found footage vs. the flying saucers

Last night was another double bill at the Aero, now my go-to for moderately-priced Friday night entertainment. Downside — it’s hard to meet women in a revival theater. Upside — if you do manage to meet them, they’ll probably be interesting.

I’d seen Invasion of the Body Snatchers before. It still holds up, although there are a few bizarre moments — hero Miles Bennell rushes over to girlfriend Becky’s house in the middle of the night to protect her, but rather than getting out on his own side of the car as any normal person would, he dramatically slides across the bench seat and jumps out the passenger side instead. And of course, there’s the unintentionally hilarious line: “I never knew fear until I kissed Becky.”

It’s also fun to watch how close the characters can come to talking about sex without ever mentioning it directly, and how carefully the screenwriter, Daniel Mainwaring, makes sure that Miles and Becky are always suitably chaperoned, at least until the final chase sequence, when they are presumably too busy hiding to have sex. (Although taken with the “I never knew fear” line, there’s an argument to be made the the whole movie is a paranoid virgin’s sexual nightmare. Don’t leave me alone in a cave with this beautiful woman! I don’t want to be transformed!)

Actually, divorce is even more carefully handled than sex. There’s a peculiar exchange at the beginning that establishes that both Miles and Becky are divorced (and therefore, presumably, know what to do when they’re alone in a cave). But the word “divorce” never surfaces:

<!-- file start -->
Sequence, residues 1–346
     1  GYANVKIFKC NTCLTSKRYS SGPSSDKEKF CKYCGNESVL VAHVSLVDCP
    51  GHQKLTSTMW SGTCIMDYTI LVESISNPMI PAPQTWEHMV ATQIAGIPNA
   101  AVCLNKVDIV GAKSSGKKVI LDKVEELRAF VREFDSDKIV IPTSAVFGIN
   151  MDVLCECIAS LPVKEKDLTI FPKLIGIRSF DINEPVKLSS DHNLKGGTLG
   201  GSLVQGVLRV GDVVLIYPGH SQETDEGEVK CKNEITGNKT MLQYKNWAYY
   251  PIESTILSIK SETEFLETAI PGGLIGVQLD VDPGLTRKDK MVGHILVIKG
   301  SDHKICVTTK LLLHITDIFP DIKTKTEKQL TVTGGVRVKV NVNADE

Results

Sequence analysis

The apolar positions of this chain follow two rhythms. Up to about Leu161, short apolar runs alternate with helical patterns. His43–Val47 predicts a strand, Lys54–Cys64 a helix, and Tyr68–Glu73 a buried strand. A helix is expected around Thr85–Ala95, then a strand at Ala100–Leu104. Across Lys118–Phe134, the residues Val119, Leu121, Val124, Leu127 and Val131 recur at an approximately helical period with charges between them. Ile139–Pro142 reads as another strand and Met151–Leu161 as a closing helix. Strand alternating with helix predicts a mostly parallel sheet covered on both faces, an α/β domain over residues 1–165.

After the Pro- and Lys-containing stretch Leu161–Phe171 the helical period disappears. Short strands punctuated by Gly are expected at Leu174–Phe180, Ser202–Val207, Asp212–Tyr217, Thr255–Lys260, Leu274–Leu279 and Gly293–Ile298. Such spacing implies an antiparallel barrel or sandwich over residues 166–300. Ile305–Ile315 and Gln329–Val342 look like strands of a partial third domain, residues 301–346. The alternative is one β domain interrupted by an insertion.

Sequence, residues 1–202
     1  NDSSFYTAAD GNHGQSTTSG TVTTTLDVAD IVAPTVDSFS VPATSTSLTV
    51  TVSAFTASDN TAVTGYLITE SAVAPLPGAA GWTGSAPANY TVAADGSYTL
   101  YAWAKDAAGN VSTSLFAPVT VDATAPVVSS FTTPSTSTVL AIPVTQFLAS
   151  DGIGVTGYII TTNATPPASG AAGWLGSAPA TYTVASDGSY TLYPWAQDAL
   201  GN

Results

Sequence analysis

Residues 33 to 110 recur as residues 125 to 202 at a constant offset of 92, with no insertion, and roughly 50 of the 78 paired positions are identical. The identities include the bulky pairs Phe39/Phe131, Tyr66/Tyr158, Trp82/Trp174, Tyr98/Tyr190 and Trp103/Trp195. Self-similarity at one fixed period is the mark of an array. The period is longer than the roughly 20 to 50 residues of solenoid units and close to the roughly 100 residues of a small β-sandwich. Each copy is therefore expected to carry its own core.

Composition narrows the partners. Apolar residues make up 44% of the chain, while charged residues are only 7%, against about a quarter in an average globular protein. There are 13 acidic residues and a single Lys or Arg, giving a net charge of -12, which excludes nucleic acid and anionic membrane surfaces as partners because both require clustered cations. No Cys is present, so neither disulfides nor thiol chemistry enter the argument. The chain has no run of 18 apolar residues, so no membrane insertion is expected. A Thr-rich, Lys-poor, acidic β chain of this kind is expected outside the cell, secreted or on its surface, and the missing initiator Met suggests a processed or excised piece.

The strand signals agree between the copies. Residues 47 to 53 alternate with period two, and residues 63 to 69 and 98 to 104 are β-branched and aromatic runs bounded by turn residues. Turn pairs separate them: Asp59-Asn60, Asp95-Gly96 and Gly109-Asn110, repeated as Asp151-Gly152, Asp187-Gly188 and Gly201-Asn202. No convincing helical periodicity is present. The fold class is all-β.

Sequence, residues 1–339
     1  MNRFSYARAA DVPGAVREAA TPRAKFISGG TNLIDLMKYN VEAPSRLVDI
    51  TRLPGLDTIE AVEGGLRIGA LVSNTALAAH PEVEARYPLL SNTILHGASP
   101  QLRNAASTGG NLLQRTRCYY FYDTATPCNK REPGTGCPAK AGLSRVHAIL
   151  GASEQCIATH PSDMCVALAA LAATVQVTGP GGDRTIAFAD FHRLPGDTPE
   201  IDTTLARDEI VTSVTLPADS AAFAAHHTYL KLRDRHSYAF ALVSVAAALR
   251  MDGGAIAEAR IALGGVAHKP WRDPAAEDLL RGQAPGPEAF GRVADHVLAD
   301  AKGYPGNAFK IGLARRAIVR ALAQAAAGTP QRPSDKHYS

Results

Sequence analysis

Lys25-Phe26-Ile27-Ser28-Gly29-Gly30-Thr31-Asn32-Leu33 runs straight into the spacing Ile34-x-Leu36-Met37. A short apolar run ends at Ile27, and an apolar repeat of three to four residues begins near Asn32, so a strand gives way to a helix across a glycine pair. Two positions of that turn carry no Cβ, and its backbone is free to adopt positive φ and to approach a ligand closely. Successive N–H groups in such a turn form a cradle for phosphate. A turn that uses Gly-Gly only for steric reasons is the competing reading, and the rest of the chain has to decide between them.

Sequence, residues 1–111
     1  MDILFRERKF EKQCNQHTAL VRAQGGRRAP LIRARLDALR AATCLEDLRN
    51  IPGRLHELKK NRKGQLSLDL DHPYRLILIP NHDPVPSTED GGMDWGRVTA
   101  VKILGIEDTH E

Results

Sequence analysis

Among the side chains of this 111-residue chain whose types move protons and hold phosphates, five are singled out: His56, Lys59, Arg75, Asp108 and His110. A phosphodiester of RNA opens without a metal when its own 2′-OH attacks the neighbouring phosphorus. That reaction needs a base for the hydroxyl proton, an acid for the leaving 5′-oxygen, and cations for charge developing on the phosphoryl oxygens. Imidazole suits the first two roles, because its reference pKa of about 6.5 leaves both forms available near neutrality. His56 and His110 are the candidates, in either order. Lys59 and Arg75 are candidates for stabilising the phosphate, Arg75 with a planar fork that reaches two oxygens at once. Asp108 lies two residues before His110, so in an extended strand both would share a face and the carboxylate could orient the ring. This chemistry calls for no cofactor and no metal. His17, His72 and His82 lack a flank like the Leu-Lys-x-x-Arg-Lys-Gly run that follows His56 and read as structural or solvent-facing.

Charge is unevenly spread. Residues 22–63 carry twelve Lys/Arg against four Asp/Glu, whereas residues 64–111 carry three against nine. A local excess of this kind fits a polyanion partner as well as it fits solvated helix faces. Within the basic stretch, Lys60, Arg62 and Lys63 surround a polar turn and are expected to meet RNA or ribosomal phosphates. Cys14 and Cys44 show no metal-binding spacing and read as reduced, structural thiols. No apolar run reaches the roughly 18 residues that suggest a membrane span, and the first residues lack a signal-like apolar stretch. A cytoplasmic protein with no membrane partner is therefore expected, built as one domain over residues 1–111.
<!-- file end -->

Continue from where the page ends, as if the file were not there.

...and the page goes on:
MILES: How about some lunch?

BECKY: I can’t. I’m meeting Dad at the store.

MILES: When did you get back?

BECKY: I came back from London two months ago. I’ve been in Reno.

MILES: Reno?

BECKY: Reno. Dad tells me you were there, too.

MILES: Five months ago.

BECKY: Oh, I’m sorry.

MILES: So was I. I wanted it to work. I guess that makes us lodge brothers now.


MILES: Except I’m paying dues while you collect them.

Of course, everyone knows the famous climax: “They’re here! They’re here already! And you’re NEXT!” But it’s fun to see it again.

The really interesting thing about Earth Vs. The Flying Saucers, apart from the fact that it was written by Curt Siodmak, is its effective use of stock footage. Everything from the rocket launches carried out by the film’s fictional space program to scenes of floods and other natural disasters is handled using cleverly selected newsreel footage or 2nd unit photography from other, higher-budget films. We tend to forget that back in the Fifties, science fiction films were the B-movies, not the big earners.

The battle scenes are particularly impressive — careful superimposition of flying saucer model shots over WWII combat footage gives a real sense of scale, perspective, and shared space. Our jaded modern eyes can spot the differences in texture between the two layers — the documentary footage is obviously much blurrier and shakier than the studio-shot model footage — but in terms of composition, this technique is brilliantly executed.

This is of particular interest to me, because recently I’ve been trying to figure out how to use stock footage in my own work. My fear in doing so is the potential for disastrous, unintended comedy, as in this clip by the much-abused Ed Wood:

But Fred F. Sears and Ray Harryhausen’s deftness with recycled footage gives me hope.

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